Hazleton has over 30 years of technical and management experience with Dow Corning's silicone businesses. He has served as Midland plant manager, vice president and director of manufacturing and engineering, and general manager of the Fluids, Resins and Process Industries Business. In the early 1990s, Hazleton became president of Dow Corning Europe, a director of Dow Corning, then president. He was named CEO in 1993 and chairman in 1994. Hazleton holds bachelor's and master's degrees in chemical engineering from Purdue University and a master's in business administration from Central Michigan University.
The future of life-saving and life-enhancing devices for optimal patient care depends on the availability of innovative biomaterials, says Hazleton. Dow Corning looks ahead to an ongoing role in the health-care industry.
Design News: How are silicones used in medical applications?
Hazleton: Silicones have a long health-care history. Since the mid-1950s, hydrocephalus shunts have saved the lives of hundreds of thousands of infants. Scleral sponges help repair detached retinas, and other silicones treat wounds and help heal scars. High-tear-strength silicone rubber forms an insulator for pacemaker and defibrillator leads, and silicone adhesives are used in transdermal drug delivery patches. Other uses include implantable ports, catheters, tracheotomy and feeding tubes, and voice prostheses. Silicone fluids lubricate syringes, antifoams aid pharmaceutical manufacturing, and tubing is used in IV.
Q: What physical properties make silicones useful in health care?
A: Silicones are polymers of alternating silicon and oxygen atoms. This structure yields a number of properties associated with silicone elastomers, including softness, flexibility, and lubricity. Depending on polymer length and chemical sidegroups, silicones exist in a variety of forms: fluids, antifoams, low- and high-durometer rubbers, resinous materials, and adhesives. Some silicones provide clarity, which can be important where blood flow or fluids must be observed.
Q: What about chemical or biological properties?
A: Extractable testing is one way to assess chemical properties. By using rigorous test methods, we attempt to examine "worst case" conditions for extractables. Results show low levels of extractables. These levels are below any that have shown toxicological effects. As far as biological properties, the silicones used in medical applications show very low tissue reactivity and sensitization potential, low cytotoxicity and mutagenicity, and low systemic toxicity.
Q: What other special precautions go into the design and manufacture of materials in-tended for health-care versus industrial applications?
A: With today's stringent regulatory environment, biocompatibility data are obviously vital. For example, to be designated as Silastic BioMedical Grade, each material undergoes seven intensive tests based on the Tripartite Guidance and ISO standards. We test under Good Laboratory Practices (GLPs) and produce silicones in a facility focused on health-care applications, according to bulk pharmaceutical Good Manufacturing Practices (GMPs).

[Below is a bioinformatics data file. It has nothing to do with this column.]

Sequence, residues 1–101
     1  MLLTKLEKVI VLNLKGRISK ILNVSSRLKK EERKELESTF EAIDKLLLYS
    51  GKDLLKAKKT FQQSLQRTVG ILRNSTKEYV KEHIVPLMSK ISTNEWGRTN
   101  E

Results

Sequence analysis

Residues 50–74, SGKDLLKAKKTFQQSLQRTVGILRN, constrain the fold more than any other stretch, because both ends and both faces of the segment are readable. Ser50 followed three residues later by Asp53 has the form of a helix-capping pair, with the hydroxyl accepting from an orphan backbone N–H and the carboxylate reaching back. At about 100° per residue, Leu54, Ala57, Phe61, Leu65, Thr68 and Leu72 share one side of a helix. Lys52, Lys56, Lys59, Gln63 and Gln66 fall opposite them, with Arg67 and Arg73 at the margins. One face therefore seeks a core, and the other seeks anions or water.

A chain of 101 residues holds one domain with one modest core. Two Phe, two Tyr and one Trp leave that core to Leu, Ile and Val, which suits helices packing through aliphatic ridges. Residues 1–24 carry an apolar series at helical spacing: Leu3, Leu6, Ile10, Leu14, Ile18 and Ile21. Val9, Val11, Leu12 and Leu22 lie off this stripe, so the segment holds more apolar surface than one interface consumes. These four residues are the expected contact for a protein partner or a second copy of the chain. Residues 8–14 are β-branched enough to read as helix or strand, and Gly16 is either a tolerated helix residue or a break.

Materials and processes are fully documented, from raw material testing through production, to final product testing and lot sample retention. This ensures that products continuously meet the standards to which they have been qualified. Although our customers are required to fully test their products, we help them make informed choices about raw materials, save the time and expense of additional material screening, and establish credibility.
Q: How adaptable are silicones to processing?
A: Silicone elastomers can be fabricated by extrusion, calendering, or molding processes such as injection-, transfer-, or compression-molding. High-strength liquid silicone rubber has increased processing ease via rapid injection molding. Other non-elastomeric silicones are adaptable to such processing techniques as dipping, spraying, blending, and coating.
Q: What is the outlook for silicone in health-care uses?
A: There is clearly a crisis in biomaterials availability. Although Dow Corning has been a lightning rod in that regard, the issues are not unique to our company. Numerous material suppliers have been forced to supply their products under very limited conditions or exit the health-care market en- tirely. As a result, device developers have witnessed the withdrawal of a range of organic elastomers, plastics, and polymers. Like silicones, these materials are extremely valuable in restoring and improving lives and health.
Current trends in material safety documentation, regulatory postures, and tort reform suggest the willingness of industry, govern-ment, and academia to find solutions. We hope this emerging business and regulatory environment allows Dow Corning to continue providing silicones to the industry.